4. Suburban Environments: Suburban neighborhoods with a mix of residential buildings, parks, and green spaces also attract rock doves. They might nest in eaves and other sheltered locations on houses.
  5. Human-Altered Habitats: Any human-altered landscape with structures for perching and nesting, as well as a reliable food source, can serve as suitable habitat for rock doves.


The diet of rock doves, or pigeons, in Alaska is quite diverse and adaptable. They are known to consume a variety of food sources, including:

  1. Grains and Seeds: Rock doves primarily feed on grains and seeds, such as wheat, barley, corn, and sunflower seeds. They are often attracted to agricultural fields and areas with abundant seed resources.
  2. Human Food: These birds are opportunistic feeders and often scavenge for food scraps in urban and suburban areas. They might feed on discarded bread, pastries, and other human-related food items.
  3. Fruits and Berries: Rock doves may eat fruits and berries when available, especially during the warmer months. They might feed on berries from shrubs and trees in urban parks and gardens.
  4. Insects: While plant matter makes up the majority of their diet, rock doves also consume small insects and invertebrates, particularly during the breeding season when they need additional protein for raising their young.
  5. Food from Bird Feeders: In residential areas, rock doves may visit bird feeders to consume seeds intended for other bird species. This can include various types of birdseed mixes.
  6. Human Waste and Debris: Unfortunately, rock doves may also scavenge through garbage and waste, which can lead to conflicts in urban environments.

lifespan: The lifespan of a rock dove, also known as a pigeon, in Alaska is typically around 3 to 5 years in the wild.

wingspan: The wingspan of a rock dove, or pigeon, in Alaska typically ranges from about 18 to 24 inches (46 to 61 centimeters).


  1. Cooing Call: Rock doves are well-known for their soft and rhythmic cooing call, often described as “coo-COO-coo.” This call is commonly heard during courtship and while perched on buildings or other structures.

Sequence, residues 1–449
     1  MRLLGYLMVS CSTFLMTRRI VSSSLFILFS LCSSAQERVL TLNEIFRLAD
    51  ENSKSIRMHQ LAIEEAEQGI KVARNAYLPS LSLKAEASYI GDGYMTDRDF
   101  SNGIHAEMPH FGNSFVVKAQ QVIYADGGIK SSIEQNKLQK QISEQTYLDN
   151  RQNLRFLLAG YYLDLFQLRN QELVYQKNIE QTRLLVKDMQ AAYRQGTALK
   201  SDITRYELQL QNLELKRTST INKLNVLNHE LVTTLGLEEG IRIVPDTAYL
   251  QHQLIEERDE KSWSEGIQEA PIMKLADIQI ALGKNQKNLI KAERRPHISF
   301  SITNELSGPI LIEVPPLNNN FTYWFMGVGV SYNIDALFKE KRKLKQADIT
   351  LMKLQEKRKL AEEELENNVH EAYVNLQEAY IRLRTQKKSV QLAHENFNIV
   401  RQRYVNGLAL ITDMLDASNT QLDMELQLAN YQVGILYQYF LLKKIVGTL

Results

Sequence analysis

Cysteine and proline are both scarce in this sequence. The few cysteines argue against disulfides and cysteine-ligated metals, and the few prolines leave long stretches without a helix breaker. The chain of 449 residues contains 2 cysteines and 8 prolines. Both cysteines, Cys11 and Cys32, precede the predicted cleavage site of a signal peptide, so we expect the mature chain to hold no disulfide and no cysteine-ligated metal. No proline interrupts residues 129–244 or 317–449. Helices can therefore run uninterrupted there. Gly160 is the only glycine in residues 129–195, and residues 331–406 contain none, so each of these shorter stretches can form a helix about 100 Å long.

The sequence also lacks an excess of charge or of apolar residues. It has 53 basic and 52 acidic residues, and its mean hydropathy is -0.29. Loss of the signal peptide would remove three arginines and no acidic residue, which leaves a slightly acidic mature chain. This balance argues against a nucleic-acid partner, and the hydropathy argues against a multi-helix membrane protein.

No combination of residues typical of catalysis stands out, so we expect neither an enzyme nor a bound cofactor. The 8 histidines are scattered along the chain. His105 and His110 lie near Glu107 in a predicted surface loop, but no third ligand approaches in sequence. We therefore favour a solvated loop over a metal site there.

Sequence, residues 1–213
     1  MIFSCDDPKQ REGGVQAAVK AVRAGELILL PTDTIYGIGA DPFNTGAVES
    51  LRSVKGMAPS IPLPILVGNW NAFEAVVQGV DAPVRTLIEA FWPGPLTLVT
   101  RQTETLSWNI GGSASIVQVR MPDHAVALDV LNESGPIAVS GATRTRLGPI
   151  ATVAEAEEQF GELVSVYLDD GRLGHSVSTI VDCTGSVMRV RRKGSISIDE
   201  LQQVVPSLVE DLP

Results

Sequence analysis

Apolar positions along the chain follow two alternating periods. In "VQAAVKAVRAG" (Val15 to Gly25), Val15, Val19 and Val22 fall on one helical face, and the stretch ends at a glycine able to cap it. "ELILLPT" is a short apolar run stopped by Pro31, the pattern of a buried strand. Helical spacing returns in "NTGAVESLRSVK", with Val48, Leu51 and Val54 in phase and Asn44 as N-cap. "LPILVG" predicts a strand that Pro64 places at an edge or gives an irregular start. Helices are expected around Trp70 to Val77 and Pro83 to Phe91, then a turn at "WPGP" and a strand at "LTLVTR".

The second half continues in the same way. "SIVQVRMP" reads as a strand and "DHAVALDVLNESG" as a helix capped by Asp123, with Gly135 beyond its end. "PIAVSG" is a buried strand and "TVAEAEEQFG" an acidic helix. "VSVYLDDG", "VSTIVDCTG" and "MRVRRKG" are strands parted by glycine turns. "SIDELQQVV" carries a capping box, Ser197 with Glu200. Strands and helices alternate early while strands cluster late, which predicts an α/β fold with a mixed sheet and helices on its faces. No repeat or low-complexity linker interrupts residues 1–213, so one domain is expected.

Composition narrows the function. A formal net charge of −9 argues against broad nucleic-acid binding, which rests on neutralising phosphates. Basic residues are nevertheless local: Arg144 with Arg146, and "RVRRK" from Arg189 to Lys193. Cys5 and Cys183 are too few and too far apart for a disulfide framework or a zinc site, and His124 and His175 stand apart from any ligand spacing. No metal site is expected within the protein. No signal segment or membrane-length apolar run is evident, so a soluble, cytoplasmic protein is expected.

2. Nesting Calls: When rock doves are near their nests, they might produce a series of gentle coos or murmurs as a way of communicating with their mate or potential predators.
  3. Alarm Call: In response to potential threats or disturbances, rock doves may emit a rapid series of short, sharp coos or repetitive cooing to alert other doves in the area.
  4. Flight Whistle: As they take off into flight, the wings of rock doves create a distinctive whistling sound. This sound is often heard when they launch from a perch or while flying in groups.
  5. Communication Calls: Rock doves also use a range of soft coos and grunts to communicate with each other, establish territory, and maintain social connections within their flock.


  1. Spring: During spring, rock doves engage in courtship and nesting activities. They may be more active and vocal as they establish territories and search for suitable nesting sites on buildings, ledges, and other structures.
  2. Summer: In summer, rock doves continue their nesting and breeding activities. They raise their young and are often seen foraging for food in urban and suburban areas.
  3. Fall: During the fall, rock doves may continue to breed and raise young, but their behavior might start shifting as they prepare for the upcoming colder months.
  4. Winter: In winter, rock doves remain in their established territories and continue to scavenge for food in urban areas. They are well-equipped to handle cold temperatures and can often be found seeking sheltered spots on buildings.

3. Band-tailed Pigeon

band tailed pigeon
band tailed pigeon

scientific name : Patagioenas fasciata

size: The Band-tailed Pigeon typically measures around 13 to 16 inches (33 to 41 centimeters) in length.

how to identify: